Modern liberal democracies are awash in rights, enforced by powerful (constitutional) courts. Paradoxically, though, it’s an open and serious question whether constitutional structure still constrains nominally democratic but poorly monitored institutions and whether courts can still enforce the groundrules of liberal, democratic politics. NFIB v. Sebelius raised that central question in one form. The ESM/Fiscal Pact case(earlier post here) pending before Germany’s Bundesverfassungsgericht (“FCC”) raises it in a somewhat different form: does the German Constitution pose any limit to the political branches’ power to delegate authority to the European Union and its various institutions? That is the central question of German politics and of European politics: barring further German transfers of money and authority, the Euro will fall apart. Hence, all eyes in Europe are on the FCC.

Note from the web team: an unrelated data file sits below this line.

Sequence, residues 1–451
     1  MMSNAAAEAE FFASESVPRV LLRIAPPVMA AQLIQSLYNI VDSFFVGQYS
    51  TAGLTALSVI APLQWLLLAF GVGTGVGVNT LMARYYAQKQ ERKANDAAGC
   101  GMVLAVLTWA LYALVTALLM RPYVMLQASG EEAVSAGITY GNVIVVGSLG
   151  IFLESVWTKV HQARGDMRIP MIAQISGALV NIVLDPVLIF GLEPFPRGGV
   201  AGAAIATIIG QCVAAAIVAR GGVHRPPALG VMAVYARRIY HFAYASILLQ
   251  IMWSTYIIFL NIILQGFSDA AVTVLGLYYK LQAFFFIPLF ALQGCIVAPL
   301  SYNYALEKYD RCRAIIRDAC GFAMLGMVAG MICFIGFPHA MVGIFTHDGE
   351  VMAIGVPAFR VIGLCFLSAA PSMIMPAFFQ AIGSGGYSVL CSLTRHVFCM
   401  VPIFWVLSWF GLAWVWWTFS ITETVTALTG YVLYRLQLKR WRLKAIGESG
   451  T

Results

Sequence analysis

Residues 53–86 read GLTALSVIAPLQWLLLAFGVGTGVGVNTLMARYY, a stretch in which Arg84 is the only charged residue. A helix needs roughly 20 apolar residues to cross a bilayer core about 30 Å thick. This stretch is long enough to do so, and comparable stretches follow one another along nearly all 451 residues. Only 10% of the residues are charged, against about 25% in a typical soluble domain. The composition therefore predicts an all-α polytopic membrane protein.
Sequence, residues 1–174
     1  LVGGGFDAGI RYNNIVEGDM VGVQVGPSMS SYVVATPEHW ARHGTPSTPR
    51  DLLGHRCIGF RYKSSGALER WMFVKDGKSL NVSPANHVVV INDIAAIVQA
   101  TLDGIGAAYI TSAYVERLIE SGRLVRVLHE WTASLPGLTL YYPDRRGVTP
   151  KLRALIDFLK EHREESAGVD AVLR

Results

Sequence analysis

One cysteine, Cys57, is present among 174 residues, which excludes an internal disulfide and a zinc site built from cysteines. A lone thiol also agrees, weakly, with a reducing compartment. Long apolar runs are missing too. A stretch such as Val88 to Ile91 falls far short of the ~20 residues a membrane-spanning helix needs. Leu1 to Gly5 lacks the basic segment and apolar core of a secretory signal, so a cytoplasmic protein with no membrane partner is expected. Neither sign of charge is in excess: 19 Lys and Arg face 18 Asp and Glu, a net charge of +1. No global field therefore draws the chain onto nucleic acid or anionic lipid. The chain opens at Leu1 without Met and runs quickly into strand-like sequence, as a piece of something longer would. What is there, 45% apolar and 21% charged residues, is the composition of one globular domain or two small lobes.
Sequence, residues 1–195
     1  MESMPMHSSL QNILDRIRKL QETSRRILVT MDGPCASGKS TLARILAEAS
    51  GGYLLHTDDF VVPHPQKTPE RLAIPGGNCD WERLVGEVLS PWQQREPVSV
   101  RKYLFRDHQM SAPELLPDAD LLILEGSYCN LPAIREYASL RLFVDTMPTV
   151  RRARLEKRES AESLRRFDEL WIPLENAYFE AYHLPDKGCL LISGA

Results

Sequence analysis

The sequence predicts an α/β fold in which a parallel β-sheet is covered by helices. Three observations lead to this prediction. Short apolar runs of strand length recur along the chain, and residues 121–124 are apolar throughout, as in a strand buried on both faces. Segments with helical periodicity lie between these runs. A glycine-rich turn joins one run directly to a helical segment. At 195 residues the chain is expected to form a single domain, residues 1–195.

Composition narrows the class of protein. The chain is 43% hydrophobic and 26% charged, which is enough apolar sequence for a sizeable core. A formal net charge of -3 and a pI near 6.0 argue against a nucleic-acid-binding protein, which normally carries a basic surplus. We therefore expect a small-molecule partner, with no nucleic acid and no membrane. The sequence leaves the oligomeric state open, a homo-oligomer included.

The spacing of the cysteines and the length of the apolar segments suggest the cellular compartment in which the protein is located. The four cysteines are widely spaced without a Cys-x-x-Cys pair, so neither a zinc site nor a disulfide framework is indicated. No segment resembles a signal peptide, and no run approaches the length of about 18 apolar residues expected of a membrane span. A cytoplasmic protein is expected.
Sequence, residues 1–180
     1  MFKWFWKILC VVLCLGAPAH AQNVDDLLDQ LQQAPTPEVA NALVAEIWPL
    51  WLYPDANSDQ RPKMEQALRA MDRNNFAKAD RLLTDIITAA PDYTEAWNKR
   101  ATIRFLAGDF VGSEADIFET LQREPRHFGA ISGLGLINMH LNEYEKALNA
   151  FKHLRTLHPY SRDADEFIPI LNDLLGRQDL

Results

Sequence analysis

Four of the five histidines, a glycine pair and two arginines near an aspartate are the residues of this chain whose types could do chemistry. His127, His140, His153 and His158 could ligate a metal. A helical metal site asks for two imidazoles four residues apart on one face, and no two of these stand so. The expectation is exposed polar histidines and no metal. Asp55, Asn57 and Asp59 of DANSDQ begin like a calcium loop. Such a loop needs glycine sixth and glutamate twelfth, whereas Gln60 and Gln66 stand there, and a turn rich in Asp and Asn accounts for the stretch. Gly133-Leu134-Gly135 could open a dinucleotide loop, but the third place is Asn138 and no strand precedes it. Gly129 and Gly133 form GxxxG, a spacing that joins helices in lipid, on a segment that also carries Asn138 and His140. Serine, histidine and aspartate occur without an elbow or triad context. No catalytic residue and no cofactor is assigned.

The European Union’s ongoing efforts to create a “closer fiscal union,” especially including the most recent (January 31) fiscal union pact, pose serious legal problems. In practical terms, that may not matter much: even if fully implemented, the reforms will fail to calm the financial markets, and they will disintegrate or become irrelevant long before any court could examine their legality. Still, and for what it’s worth, the EU prides itself on being a “community of law.” How does it measure up?